Monday, 12 October 2015

Try, try and try again said the spider. But the spider isn’t always right.

The time-honoured story of Robert the Bruce is especially popular in Scotland, where there is considerable taste for any tale in which the plucky Scots ultimately kick the stuffing out of the dastardly English. Sadly, in most of the historical confrontations, the outcome was the opposite. But Robert was one Scottish leader who did eventually pull off the trick.

Robert the Bruce, who led the Scots to victory over the English
But he cheated: he was helped by a spider
On his way to what my Scottish friends assure me was a highly desirable achievement, he encountered some terrible reverses. According to legend, at the low point of his life, he was in a cave which a spider kept attempting to span with her web. Each time she failed, she started again. Robert watched this struggle with great interest and, instead of reaching the obvious conclusion that, since one side of the cave was pretty much as miserable, wet and dank as the other, it was a colossal waste of time, he drew from this spectacle the courage he needed to persevere in his own struggle to win the Scottish crown.

So he tried, tried and tried again, until he won triumphant success.

Great story. And a moral from which we can all learn, no doubt.

Except that there is, in my garden at the moment, a spider from the Bruce school of strivers. She has chosen the garden’s narrowest point, between the house wall and the fence, to weave herself a web. This means that each time I follow the poodle Luci into the garden, after she has done her business (a great illustration of the truth that certain kinds of business often leave the rest of us with a mess to clear up), the first thing that happens is that I walk straight into a web. Which is annoying for me, because the stuff gets in my hair. But it must be annoying for her, because there’s little left of the web afterwards.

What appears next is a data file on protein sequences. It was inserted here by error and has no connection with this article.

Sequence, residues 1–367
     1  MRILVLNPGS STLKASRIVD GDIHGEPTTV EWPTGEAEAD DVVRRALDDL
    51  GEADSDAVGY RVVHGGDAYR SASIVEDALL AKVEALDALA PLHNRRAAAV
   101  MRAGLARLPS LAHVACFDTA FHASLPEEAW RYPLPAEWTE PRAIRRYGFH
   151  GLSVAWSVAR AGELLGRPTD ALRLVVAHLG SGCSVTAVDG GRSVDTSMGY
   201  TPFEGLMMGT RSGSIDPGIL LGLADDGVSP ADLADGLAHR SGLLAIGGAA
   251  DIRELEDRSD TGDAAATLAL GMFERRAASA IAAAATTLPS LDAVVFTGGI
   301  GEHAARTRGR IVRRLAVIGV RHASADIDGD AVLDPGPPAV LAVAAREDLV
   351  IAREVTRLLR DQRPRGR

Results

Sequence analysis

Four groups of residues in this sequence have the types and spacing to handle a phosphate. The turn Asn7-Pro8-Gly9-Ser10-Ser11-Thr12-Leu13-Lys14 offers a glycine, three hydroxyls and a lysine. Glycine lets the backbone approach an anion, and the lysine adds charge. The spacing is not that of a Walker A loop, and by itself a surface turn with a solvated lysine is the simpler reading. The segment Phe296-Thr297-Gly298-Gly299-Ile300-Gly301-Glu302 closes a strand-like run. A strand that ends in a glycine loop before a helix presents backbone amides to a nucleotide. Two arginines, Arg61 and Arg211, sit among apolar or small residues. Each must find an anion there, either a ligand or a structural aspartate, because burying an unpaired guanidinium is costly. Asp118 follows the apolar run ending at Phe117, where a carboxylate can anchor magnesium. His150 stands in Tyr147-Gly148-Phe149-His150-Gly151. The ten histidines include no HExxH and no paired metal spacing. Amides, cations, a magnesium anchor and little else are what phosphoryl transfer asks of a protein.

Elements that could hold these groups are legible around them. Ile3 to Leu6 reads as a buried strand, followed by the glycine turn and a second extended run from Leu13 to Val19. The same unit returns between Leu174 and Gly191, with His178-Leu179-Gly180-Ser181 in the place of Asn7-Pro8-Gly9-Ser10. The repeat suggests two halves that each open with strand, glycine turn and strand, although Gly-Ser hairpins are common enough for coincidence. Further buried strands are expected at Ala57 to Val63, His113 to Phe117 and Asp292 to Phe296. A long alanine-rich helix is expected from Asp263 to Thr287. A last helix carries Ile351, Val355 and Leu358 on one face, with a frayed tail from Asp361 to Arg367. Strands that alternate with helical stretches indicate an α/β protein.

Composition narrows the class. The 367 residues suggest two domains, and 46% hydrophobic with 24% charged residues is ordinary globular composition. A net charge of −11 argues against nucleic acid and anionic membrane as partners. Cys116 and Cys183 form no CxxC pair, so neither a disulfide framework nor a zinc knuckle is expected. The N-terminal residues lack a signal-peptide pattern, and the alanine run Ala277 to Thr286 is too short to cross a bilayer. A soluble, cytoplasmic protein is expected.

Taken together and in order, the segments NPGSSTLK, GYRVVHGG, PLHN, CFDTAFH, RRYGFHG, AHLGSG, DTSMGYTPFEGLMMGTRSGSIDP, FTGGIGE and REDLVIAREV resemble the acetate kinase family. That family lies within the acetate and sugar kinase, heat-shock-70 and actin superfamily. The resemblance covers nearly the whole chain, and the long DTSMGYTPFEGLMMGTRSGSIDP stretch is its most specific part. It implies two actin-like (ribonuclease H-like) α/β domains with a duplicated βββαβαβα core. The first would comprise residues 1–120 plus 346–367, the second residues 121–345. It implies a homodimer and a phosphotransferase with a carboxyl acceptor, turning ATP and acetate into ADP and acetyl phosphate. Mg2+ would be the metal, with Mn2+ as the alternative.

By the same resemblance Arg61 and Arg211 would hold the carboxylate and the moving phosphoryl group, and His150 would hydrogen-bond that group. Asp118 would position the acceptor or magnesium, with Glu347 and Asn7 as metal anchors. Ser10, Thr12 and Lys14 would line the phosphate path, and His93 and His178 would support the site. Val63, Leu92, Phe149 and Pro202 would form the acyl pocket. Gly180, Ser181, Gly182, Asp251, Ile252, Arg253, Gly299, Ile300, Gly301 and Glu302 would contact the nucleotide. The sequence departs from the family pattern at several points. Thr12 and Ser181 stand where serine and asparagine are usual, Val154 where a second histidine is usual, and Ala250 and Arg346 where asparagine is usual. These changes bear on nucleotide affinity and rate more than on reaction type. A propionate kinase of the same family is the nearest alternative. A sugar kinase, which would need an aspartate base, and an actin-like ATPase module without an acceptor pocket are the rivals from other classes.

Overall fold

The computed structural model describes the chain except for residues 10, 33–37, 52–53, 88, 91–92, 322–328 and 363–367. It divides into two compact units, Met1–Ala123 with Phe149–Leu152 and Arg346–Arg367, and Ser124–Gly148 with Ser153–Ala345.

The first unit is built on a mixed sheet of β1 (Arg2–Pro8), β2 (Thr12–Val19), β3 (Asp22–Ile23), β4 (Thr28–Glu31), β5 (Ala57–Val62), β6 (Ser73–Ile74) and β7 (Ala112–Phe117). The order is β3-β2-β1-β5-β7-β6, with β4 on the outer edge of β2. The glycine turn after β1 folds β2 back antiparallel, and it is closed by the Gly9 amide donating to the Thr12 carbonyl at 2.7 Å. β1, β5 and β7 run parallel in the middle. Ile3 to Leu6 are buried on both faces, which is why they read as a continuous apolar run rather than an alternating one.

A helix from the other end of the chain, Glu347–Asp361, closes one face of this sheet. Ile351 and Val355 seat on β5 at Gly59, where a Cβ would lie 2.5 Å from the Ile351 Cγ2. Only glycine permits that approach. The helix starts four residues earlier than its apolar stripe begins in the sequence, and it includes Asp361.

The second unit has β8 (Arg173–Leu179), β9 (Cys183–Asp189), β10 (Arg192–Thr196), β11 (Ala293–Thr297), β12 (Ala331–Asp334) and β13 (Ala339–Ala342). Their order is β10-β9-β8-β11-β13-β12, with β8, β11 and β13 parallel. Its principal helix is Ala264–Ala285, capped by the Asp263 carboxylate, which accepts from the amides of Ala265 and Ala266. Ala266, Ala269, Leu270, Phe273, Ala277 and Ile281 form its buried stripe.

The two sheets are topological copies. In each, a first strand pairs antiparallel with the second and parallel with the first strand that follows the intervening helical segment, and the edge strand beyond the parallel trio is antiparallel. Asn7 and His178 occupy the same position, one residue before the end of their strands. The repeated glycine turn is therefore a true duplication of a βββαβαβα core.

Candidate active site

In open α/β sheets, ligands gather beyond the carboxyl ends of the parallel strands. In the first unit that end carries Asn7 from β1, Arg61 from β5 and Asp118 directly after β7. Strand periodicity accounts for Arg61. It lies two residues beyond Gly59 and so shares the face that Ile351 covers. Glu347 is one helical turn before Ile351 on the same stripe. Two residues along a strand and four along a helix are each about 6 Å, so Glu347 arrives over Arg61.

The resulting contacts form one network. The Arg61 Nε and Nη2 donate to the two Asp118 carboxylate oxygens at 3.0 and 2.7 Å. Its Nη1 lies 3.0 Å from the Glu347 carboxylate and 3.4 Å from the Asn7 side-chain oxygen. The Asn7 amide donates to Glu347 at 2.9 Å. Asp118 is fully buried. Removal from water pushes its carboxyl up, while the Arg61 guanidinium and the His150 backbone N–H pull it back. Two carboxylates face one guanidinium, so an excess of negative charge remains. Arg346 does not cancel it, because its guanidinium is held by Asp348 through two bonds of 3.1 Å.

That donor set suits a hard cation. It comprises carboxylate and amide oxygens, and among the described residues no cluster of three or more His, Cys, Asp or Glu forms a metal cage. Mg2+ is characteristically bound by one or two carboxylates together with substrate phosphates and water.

In fact, on one occasion, I emerged with the spider herself sitting on my shoulder and giving me what I could only feel was a deeply reproachful look. I tried to reason with her, explaining that unlike many fellow members of my species, I have nothing against spiders – indeed, I value the work they do on flies – and would far rather not destroy her web.

However, she has failed to take my advice to set up her web somewhere less heavily trafficked. So every morning, the experience is repeated. With little pleasure for either of us.

It seems that she truly believes that, if at first you don’t succeed, you should try, try and try again.

So you can fail once more.

That’s an aspect the Bruce legend somehow fails to capture. I’d like to suggest that sometimes it might not be such a bad idea to decide that, if at first you don’t succeed, you might try something else. Or at least, in the case of our spider, somewhere else.

On the other hand, I’d have been delighted if the English rugby team had applied a policy of try, try and try again, in the current world cup. It proved beyond them. 


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